GitHub for Beginners

You might have heard the terms ‘GitHub’ or ‘git’ used before, but perhaps you don’t know what they mean. If you have just learnt to code or are wanting to learn to code, you should learn about GitHub. Here’s a simple guide to GitHub for beginners.

 

Git and GitHub: What are they?

Git is a version control system for tracking changes in computer files and coordinating work on those files among a number of people. It’s mostly used for managing the source code in software development. It’s free and open source.

GitHub is a software development platform based on how git works. With GitHub, you can host and review code, manage projects, and build software alongside millions of other developers. Add your existing code to share with prospective employers or start new projects to keep yourself relevant. GitHub accounts are free, and it’s the best place to swap ideas and code with other programmers online.

What is version control?

GitHub and Git use version control. This mean it tracks the history of changes of the source code of a project, including what has been changed, by whom and when.

How many developers are involved in GitHub?

It’s the largest host of source code in the world, as of April 2017, with almost 20 million users and 57 million repositories. Think of GitHub as a social network rather than just a tool for developers.

Why do developers like GitHub?

‘GitHub  is a good place to collaborate and meet with other developers,’ says Gareth Dwyer, software and operation developer at HyperionDev. ‘Personally, I publish the code for my tutorials there, and it makes it easy for others to submit any corrections or improvements.’ To check out Gareth’s code and his profile (he has 43 repositories available) on GitHub, look here.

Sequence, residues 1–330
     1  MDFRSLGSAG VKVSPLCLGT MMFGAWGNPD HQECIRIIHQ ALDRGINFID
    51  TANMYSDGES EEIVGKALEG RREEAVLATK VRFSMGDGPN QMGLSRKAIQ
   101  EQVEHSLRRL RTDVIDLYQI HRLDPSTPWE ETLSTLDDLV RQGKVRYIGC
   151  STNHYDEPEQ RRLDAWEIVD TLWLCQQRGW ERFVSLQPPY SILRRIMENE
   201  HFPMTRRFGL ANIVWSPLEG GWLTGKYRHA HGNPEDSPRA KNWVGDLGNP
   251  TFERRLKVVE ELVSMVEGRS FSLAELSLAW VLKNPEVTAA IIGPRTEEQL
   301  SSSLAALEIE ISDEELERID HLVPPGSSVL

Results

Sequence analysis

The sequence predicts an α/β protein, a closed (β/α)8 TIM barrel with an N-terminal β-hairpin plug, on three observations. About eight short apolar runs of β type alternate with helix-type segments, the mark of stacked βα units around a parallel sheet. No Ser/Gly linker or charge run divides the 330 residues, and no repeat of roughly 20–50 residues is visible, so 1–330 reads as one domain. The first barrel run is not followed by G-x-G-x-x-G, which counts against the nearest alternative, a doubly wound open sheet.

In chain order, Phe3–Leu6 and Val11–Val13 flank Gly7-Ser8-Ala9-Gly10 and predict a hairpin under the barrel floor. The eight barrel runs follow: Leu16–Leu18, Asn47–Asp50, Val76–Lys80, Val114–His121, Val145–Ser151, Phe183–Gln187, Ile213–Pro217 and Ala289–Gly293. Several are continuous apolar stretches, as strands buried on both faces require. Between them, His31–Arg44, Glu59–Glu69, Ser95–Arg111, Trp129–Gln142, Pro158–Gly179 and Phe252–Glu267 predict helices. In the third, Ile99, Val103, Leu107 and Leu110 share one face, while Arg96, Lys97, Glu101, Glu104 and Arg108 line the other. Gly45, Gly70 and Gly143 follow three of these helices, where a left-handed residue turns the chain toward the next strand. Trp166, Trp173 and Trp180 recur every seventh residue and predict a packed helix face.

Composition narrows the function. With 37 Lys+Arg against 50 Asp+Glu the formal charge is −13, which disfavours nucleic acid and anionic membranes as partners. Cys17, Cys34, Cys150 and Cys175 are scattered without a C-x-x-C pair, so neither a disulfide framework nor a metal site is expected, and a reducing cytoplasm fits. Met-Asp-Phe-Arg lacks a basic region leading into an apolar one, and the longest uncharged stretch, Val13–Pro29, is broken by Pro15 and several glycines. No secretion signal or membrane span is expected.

Basically, the advantage is that groups of developers can work together on the same documents (often referred to as the source code) simultaneously without destroying previous versions of each other’s work.

The ‘Git Repository’, or project folder if you like, is a place where developers can host their files so that people can collaborate. The collaboration can be open source (or public), or closed for a specific group. The idea is similar to Google Docs, which allows for the collaboration on word processing and spreadsheet files.

GitHub for beginners: how do I get started with GitHub?

The first step is to set up a GitHub account – you can sign up on the front page. You’ll then be taken to an empty newsfeed pages, states LifeHacker. In the middle of the page there’s a bootcamp, which helps you set up your account. One of the first things you’ll do will be to set up a repository – on the top right of your account, there’s a ‘New Repository’ button.

If you want to read more simply-written technical articles like GitHub for beginners, check out the HyperionDev blog.

HyperionDev offers three 6-month part-time Online Bootcamps in Web, Mobile and Software Development. Book a free trial now!

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